Infectious keratoconjunctivitis (IKC) caused by Mycoplasma conjunctivae is a highly contagious ocular infection which is common in domestic sheep and goats. In the European Alps, IKC is often observed in Alpine chamois (Rupicapra r. rupicapra) and in Alpine ibex (Capra i. ibex), but the disease has also been described in other wild Caprinae in the Pyrenees and in New Zealand. The infection is characterised by inflammation of the conjunctiva and cornea, and in the most advanced stages, the cornea is opaque or even perforated. In IKC outbreaks in chamois and ibex, spontaneous recovery is the most prevalent outcome of the disease. However, mortality can occasionally reach 30%. Recent studies in eastern Switzerland indicated that M. conjunctivae infection is not self-maintained in chamois. In contrast, the disease is endemic and self-maintained in the domestic sheep population. Spillover of the agent from sheep living in proximity during summer may be the origin of point-source epidemics in wild Caprinae.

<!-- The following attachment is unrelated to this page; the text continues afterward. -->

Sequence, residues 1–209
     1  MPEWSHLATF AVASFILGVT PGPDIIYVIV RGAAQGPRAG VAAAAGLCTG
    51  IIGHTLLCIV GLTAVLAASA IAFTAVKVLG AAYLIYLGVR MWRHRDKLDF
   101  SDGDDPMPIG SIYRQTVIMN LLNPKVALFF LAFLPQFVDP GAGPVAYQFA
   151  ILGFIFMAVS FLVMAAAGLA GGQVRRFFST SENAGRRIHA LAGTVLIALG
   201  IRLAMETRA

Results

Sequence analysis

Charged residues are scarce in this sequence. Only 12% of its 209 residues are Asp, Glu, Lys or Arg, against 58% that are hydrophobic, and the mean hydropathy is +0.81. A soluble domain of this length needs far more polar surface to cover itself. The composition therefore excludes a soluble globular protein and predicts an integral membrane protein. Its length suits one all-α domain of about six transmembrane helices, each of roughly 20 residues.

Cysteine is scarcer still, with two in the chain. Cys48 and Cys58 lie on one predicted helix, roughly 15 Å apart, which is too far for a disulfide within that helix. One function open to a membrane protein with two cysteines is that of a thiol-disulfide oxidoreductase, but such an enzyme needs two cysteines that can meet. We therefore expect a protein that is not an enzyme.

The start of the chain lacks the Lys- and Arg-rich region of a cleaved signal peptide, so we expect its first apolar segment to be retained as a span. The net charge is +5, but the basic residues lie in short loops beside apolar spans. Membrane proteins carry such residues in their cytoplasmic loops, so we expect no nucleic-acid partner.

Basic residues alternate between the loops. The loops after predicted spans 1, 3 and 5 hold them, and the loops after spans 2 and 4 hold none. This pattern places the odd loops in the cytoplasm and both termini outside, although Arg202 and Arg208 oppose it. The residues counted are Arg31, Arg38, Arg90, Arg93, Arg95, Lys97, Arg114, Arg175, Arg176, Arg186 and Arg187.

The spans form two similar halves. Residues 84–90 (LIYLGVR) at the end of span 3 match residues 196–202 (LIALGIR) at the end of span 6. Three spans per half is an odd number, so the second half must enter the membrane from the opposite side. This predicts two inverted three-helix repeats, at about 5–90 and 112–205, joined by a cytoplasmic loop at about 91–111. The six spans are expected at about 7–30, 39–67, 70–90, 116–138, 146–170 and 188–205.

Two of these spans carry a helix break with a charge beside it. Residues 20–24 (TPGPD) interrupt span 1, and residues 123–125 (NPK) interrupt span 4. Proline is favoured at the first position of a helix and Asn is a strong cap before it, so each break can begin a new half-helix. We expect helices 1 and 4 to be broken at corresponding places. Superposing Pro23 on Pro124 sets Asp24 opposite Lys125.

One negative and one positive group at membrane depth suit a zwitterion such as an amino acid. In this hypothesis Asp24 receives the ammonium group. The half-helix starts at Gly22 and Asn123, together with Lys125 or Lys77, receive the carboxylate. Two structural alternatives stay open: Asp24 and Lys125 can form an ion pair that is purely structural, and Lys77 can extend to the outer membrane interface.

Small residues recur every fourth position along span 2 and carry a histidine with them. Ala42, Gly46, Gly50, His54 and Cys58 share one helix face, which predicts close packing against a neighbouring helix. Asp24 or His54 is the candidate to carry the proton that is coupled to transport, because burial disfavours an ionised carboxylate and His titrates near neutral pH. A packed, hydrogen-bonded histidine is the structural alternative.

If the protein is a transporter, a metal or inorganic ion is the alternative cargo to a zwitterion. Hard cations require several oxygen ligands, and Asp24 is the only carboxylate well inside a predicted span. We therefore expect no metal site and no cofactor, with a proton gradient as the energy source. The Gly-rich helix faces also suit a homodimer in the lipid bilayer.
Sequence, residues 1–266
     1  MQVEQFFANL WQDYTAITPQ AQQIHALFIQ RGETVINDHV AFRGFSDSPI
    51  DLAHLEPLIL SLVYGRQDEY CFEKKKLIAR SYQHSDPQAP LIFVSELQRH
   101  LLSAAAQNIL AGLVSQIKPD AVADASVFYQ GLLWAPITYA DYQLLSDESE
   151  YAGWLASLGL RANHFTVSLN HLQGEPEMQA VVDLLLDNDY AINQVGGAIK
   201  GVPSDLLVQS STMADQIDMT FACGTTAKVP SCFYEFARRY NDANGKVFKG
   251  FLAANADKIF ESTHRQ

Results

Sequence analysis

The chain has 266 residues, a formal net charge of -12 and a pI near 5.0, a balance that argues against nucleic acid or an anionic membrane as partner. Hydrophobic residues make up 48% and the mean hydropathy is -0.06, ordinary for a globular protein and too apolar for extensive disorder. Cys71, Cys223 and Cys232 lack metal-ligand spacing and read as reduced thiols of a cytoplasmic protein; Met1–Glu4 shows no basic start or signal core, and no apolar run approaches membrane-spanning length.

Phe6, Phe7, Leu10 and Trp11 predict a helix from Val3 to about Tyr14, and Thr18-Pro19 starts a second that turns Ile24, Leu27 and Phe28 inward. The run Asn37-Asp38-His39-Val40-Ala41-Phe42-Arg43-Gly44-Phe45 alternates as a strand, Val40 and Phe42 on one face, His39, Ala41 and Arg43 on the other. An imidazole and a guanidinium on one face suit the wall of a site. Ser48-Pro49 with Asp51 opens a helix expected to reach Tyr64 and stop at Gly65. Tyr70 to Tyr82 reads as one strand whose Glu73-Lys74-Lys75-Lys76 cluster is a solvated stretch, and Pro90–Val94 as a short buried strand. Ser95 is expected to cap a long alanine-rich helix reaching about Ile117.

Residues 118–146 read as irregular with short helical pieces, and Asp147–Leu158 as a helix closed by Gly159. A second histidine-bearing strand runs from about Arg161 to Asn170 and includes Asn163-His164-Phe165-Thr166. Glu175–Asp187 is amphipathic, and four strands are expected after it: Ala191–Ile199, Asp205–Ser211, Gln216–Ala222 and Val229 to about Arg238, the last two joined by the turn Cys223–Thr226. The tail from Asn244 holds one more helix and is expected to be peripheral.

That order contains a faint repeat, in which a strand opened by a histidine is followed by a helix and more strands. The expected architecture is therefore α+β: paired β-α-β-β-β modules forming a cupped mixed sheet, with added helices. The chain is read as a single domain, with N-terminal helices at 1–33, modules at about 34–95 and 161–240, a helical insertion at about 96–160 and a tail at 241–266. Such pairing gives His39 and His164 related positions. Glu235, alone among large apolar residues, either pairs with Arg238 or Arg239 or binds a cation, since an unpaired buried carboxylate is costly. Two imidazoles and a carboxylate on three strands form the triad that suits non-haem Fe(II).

Flies are likely to play a central role in interspecific transmission of M. conjunctivae on alpine meadows. When outbreaks of IKC occur in wildlife, a special effort should be made to avoid unnecessary human disturbance in affected areas. However, animals presenting irreversible ocular lesions should be shot by professional gamekeepers to prevent suffering. Prevention of IKC in wild Caprinae should focus on preventing the spillover of M. conjunctivae from livestock. However, studies are required to evaluate the distribution of M. conjunctivae infection in domestic sheep in several countries and to assess the risk of IKC spillover from domestic animals to wildlife. In addition, immunological studies should be performed to develop tools which could lead to the control of M. conjunctivae infection in domestic sheep.